Thomas Jefferson, an iconic figure in American History, a Founding Father of the country and a man of style and taste; his influence has endured throughout history thanks to his writings. The primary author of the Declaration of Independence, Jefferson also served in Congress, was the 2nd Vice President and the 3rd President of the United States. But one of his more notable undertakings included being a connoisseur of wine and winemaking.

Jefferson excelled at being a dynamic personality and was well known for his inventions and his thoughts on horticulture, philosophy, art, food and wine; during his travels, he was exposed to new concepts, styles, foods and wines, which he brought back to the United States cementing his place as America's first distinguished viticulturist due to his repeated efforts in the early 1800’s to establish vineyards at Monticello. Although his vines suffered from black rot and phylloxera, he still continued to import and drink wines, both to drink himself and for entertaining at the White House and at Monticello.

Thanks to the preservation of his wine orders and letters to importers, we know that he notoriously enjoyed wines from France and Italy, but also was a fan of Spanish wines and domestic wines from the United States. Although a lot has changed since Jefferson's era, we can still look back on his notes, giving us more to appreciate regarding the evolution of wine making techniques, modern transportation and the components of outstanding wines that are enjoyable for us now, as they were for Thomas Jefferson. Jefferson's meticulous record-keeping left behind a list of his favored wine picks; here's what the esteemed connoisseur enjoyed and his tasting notes:

Jefferson's Pale Sherry Pick

Sherry is a classic fortified wine from Jerez, Spain, known for complex delicate flavors and heady aromas. Jefferson became quite fond of pale sherry and enjoyed drinking it daily. The grapes used to make sherry include; Pedro Ximenez, Moscatel and Palomino, they are harvested in early September and fermented for 3 to 4 months before being fortified and aged. In 1808, he wrote down some of his wine tasting notes in favor of pale sherry.

Jefferson's Pale Sherry Wine Tasting Notes:

"I now drink nothing else, and am apprehensive that if I should fail in the means of getting it, it will be a privation, which I shall feel sensibly once a day."

Jefferson & Nebbiolo

This perfumed, complex wine from Northern Italy was described by Jefferson as "superlatively fine." Made from a finicky cold-weather-loving grape, Nebbilio has floral flavors combined with intense earthy flavors of mushroom and truffle, soft fruit flavors and lively acidity. The high acidity and tannins in Nebbilio make it a collectors favorite as the wines can develop intriguing flavors of spice, rose, licorice and tar, and can age for decades.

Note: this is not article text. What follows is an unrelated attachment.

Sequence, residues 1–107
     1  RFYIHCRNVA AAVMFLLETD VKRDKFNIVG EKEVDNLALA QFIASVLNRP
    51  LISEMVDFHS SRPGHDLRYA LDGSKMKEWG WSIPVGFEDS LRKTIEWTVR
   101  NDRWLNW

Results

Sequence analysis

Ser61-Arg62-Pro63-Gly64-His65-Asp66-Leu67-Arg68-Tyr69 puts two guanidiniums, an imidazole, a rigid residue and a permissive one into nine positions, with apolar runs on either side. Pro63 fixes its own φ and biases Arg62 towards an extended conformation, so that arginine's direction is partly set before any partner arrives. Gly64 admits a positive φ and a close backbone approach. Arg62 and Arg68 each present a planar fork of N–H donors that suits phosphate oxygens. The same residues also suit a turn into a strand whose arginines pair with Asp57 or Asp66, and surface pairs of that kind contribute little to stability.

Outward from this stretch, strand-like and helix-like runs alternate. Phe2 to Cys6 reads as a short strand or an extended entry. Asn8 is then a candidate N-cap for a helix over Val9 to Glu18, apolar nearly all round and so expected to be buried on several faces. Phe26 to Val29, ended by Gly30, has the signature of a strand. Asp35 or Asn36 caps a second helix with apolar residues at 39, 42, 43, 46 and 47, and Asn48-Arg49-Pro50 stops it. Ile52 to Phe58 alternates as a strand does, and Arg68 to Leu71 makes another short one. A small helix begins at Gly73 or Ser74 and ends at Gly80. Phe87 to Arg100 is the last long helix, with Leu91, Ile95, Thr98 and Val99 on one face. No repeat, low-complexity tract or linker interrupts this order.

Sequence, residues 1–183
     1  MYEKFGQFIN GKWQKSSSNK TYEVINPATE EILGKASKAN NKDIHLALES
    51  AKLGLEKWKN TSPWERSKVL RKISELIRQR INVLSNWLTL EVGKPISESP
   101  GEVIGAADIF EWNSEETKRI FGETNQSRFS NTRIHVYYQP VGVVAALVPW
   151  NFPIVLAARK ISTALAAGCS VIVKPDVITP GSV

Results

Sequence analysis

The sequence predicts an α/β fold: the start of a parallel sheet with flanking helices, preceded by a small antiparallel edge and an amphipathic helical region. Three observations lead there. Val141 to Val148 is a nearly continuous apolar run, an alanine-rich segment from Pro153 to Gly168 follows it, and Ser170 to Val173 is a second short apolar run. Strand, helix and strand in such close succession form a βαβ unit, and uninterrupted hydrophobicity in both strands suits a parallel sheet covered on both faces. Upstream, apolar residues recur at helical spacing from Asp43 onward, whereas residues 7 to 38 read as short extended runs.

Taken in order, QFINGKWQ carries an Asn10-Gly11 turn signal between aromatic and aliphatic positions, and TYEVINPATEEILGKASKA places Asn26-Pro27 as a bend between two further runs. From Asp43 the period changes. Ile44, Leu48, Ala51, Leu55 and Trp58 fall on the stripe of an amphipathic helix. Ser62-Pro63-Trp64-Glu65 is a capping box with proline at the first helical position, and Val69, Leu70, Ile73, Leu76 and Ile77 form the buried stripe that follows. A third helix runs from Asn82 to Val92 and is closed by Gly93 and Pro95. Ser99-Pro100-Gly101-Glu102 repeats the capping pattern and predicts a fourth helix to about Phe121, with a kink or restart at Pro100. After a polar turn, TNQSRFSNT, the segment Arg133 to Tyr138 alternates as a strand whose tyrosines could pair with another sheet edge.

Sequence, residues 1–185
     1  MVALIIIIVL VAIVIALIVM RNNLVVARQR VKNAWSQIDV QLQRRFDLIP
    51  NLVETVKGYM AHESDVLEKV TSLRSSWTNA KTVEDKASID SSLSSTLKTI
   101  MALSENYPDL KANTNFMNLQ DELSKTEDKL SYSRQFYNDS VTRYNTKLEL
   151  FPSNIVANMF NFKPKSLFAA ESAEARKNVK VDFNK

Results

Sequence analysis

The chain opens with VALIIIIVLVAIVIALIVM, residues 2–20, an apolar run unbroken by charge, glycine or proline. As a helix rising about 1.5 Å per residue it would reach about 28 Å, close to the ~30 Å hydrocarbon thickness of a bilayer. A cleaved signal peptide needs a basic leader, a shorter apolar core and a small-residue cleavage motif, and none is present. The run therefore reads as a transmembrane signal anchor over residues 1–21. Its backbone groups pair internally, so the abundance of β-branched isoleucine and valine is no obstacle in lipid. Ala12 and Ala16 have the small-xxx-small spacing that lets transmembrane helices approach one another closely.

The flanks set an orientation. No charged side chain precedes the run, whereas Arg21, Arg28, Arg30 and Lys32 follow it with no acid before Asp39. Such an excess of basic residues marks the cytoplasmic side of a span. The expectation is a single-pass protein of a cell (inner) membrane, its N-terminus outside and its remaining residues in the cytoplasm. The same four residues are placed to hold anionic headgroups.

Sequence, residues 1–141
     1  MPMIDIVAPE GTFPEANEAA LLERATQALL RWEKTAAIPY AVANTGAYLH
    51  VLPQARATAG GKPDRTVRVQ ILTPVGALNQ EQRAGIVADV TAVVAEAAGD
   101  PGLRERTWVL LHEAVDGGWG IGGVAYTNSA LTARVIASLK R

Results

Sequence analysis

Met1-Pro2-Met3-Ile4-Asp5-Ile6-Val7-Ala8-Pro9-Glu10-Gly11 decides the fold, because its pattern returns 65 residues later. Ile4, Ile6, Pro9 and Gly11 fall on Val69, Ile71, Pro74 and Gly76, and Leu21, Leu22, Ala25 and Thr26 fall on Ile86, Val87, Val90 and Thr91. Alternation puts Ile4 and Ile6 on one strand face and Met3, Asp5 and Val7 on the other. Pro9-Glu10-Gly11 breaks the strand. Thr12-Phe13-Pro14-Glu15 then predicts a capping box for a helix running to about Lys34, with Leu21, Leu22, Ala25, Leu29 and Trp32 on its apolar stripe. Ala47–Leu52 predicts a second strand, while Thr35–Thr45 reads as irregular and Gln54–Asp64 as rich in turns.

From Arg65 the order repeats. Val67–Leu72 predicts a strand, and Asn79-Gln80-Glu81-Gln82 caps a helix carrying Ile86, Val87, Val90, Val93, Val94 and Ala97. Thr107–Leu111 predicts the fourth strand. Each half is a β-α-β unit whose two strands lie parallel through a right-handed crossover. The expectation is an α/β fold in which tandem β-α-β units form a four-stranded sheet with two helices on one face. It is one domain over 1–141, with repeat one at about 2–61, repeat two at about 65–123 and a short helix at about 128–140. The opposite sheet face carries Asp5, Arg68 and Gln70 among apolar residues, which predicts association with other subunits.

Jefferson's Nebbiolo Wine Tasting Notes:

After tasting it, Jefferson described it as, "sweet as the silky Madeira, as astringent on the palate as Bordeaux, and as brisk as Champagne. It is a pleasing wine."


This sweet white wine from Bourdeaux, France has honeyed flavors of stone fruit, pear and vanilla. Jefferson considered this wine one of the top three wines from France and preferred to let the wine breath at length before drinking.

Jefferson's Sauterenes Wine Tasting Notes:

"This is the best white wine of France (except Champagne and Hermitage). A great advantage of the Sauternes is that it becomes higher flavored the day after the bottle has been opened, than it is at first.


Made under the regulations of the Comite Interprofessionnel du vin de Champagne (CIVC), Champagne is made primarily from chardonnay grapes. While we think of Champagne as a sparkling wine, that hasn’t always been the case, when Jefferson discovered Champagne, he was fond of still champagne and wrote about the champagne making methods as follows,

Jefferson's Champagne Wine Making Notes:

"To make still wines, they bottle in September. This is only done when they know from some circumstance that the wine will not be sparkling. So if the spring bottling fails to make a sparkling wine, they decant it into other bottles in the fall, and it then makes the very best still wine…They let it stand in the bottles in this case forty-eight hours, with only a napkin spread over their mouths, but no cork. The best sparkling wine, decanted in this manner, makes the best still wine, and which will keep much longer than that originally made still by being bottled in September."


The Italian Montepulciano grape grown in Abruzzo, is an especially juicy grape known for its mild sweet tannins and low acidity. Today the wine is made under the control of the DOC (Denominazione di Origine), and it can be blended with Sangiovese, however, the classic characteristics of Motepulciano were just as delicious when Jefferson wrote about it in his notes.

Thomas Jefferson's Montepulciano Notes:

"I confine myself to the physical want of some good Montepulciano . . . , this being a very favorite wine, and habit having rendered the light and high flavored wines a necessary of life with me."


While Jefferson had trouble establishing a vineyard at Monticello, his neighbors to the south in North Carolina were able to produce America’s, "first specimen of an exquisite wine." The Scuppernong grape is indigenous to the Southeast United States and grows best in warm, temperate climates. It has a thick leathery skin and is high in reservetol and polyphenol compounds, the wine is very flavorful and sweet. Jefferson was very fond of Scuppernong and wrote that the wine had, "something of the port character but higher flavored, more delicate, less rough."